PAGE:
Today, the average disposable household income is thirty-four per cent higher in the U.S. than in France, according to the O.E.C.D., and Americans, on average, report a higher level of life satisfaction; the French, along with having three hundred more hours of leisure time, enjoy a stronger social support network and a much better work-life balance than Americans (not to mention better bread, cheese, and wine). All this translates into a quality of life that is at least as good as—if not better than—that of Americans. Adding to that, French workers have protections and guarantees that went by the wayside a generation ago in the United States. The French approach to labor might be less productive, from a purely economic point of view, but it has its benefits. Closing Home Depot on Sundays might seem like a serious abridgement of freedom to Americans, but many Europeans see it differently.
“The well-being of each of us is not independent of what others do,” Artus, Cahuc, and Zylberberg wrote. “The value of our free time depends on the possibility of spending it with one’s family and friends and the ability to share that time with others.” In other words, the value of almost no one working on Sunday is that it forces families—or friends—to do things together.
This isn’t as trivial as it may seem, on first glance; social scientists are increasingly finding links between family time and well-being. A number of studies in the U.S. show that children who have dinner regularly with their families do better in school and are less likely to get into trouble. Families that rarely eat together see higher average rates of obesity, drinking, and drug use among teenagers, and more teen pregnancy. The entrenchment of 24/7 capitalism in the U.S.—which has forced many parents to work late hours, or hold down multiple jobs—has gone hand in hand with various negative social trends: rising divorce rates, child obesity, drug use, teen pregnancy.
Still, the French showdown may be a sign that the French system is in serious need of revision. “The French labor system is based on the flawed assumption that if everyone worked fewer hours, there would be more jobs to go around,” Zylberberg, an economist at the University of Paris I, told me. “It’s based on the idea that the job market is a zero-sum game in which the more one person works, the less is left for others. That’s simply wrong.” In 2000, France passed a law instituting a thirty-five-hour work week; since then, the number of hours has indeed gone down—but unemployment has gone up. Furthermore, Zylberberg said, his research shows that “in countries where businesses were free to stay open on Sundays or evenings, the retail sectors grew by three to ten per cent, which is not negligible.”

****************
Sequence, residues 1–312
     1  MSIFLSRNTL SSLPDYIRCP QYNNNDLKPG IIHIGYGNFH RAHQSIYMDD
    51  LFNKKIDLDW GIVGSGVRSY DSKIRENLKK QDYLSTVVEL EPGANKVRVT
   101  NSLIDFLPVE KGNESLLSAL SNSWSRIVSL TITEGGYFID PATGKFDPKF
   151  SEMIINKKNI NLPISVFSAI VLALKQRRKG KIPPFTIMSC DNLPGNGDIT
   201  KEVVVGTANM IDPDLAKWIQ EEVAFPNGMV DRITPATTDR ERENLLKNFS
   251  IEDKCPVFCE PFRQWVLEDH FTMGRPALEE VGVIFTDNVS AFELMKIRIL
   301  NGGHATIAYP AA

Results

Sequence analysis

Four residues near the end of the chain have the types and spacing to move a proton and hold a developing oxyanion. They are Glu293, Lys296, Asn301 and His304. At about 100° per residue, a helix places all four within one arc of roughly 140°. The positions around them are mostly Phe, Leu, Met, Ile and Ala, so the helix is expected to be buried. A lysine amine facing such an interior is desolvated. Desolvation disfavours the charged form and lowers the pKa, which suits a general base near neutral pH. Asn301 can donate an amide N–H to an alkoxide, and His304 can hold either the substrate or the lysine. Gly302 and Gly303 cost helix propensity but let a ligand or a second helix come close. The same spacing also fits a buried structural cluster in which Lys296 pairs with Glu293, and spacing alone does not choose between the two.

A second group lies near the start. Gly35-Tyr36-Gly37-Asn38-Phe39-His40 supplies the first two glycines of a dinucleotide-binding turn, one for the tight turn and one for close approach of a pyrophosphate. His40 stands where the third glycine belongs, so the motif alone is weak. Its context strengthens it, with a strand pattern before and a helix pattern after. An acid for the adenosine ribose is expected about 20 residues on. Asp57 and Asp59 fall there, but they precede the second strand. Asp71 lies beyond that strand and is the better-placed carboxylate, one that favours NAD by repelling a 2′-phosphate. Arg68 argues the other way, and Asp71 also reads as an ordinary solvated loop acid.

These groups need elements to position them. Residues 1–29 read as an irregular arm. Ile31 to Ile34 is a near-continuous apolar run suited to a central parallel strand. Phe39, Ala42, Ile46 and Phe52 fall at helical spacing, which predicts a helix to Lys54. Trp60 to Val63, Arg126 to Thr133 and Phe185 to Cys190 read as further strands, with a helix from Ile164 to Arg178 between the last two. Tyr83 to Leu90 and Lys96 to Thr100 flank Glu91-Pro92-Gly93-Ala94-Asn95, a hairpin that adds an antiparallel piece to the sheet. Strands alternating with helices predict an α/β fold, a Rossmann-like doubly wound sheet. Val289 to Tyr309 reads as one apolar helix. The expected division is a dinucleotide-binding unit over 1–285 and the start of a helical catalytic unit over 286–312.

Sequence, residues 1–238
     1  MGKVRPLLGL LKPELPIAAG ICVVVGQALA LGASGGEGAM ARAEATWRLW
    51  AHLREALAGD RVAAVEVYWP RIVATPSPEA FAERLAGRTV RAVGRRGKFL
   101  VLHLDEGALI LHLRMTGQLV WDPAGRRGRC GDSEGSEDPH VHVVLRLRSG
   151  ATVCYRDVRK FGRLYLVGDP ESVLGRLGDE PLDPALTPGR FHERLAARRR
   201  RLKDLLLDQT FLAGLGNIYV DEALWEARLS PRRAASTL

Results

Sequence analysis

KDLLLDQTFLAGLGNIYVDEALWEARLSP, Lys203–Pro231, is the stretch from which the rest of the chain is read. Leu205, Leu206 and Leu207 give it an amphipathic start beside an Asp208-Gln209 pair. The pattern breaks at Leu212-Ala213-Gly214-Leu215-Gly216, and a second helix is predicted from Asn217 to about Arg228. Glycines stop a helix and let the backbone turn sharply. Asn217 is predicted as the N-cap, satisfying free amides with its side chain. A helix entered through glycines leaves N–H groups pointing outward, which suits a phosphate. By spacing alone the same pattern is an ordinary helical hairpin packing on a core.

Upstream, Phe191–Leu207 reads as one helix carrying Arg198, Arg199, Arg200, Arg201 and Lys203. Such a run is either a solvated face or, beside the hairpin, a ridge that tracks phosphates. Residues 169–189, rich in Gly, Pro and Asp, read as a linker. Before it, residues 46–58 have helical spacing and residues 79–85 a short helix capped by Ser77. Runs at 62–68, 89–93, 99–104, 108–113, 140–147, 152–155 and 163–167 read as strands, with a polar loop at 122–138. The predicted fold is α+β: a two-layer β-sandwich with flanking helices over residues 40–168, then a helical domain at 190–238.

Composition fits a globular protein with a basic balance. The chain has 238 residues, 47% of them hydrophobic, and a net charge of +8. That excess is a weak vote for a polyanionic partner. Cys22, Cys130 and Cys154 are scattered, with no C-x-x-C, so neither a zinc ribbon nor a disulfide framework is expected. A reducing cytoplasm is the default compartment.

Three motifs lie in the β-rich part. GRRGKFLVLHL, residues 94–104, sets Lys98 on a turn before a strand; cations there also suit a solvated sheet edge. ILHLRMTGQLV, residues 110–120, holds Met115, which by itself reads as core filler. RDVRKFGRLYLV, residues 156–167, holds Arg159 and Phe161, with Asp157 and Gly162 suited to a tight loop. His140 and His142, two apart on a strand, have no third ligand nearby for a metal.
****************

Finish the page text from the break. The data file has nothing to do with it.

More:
Zylberberg and other economists also point to France’s generous pension system as a problem. France recently pushed its retirement age from sixty to sixty-two; there is already pressure on the left to move it back to sixty. With people increasingly living into their eighties and nineties, a low birth rate, and shrinking numbers of workers, the math clearly doesn’t add up. “The French model is not sustainable,” Zylberberg said.
With unemployment rising in France, public opinion has gradually shifted on this and similar issues. In the mid-aughts, fifty-seven per cent of French people said they would prefer to have more leisure time than more money. Today, the percentage of those saying that they would give up more leisure for more money is growing, especially among the young. Perhaps that’s one reason that some of the people who are protesting the store closures include workers themselves, who, on Sundays, would prefer the cash to leisure time.
The government of François Hollande is working this week to try to avoid a head-on collision with the retail stores. Zylberberg and his colleagues have a clever suggestion for the government: leave it up to mayors. This would facilitate a wonderful natural experiment in which the French could compare the outcome in cities that close their shops with the result in those that don’t. Leaving the decision to mayors would get the national government out of the uncomfortable position of having to choose between unions and big retail businesses. But that would run against the grain of France’s republican tradition, which is decidedly centralized, and based on the notion that we are in it together—whether we like it or not.
Photograph by Miguel Medina/AFP/Getty.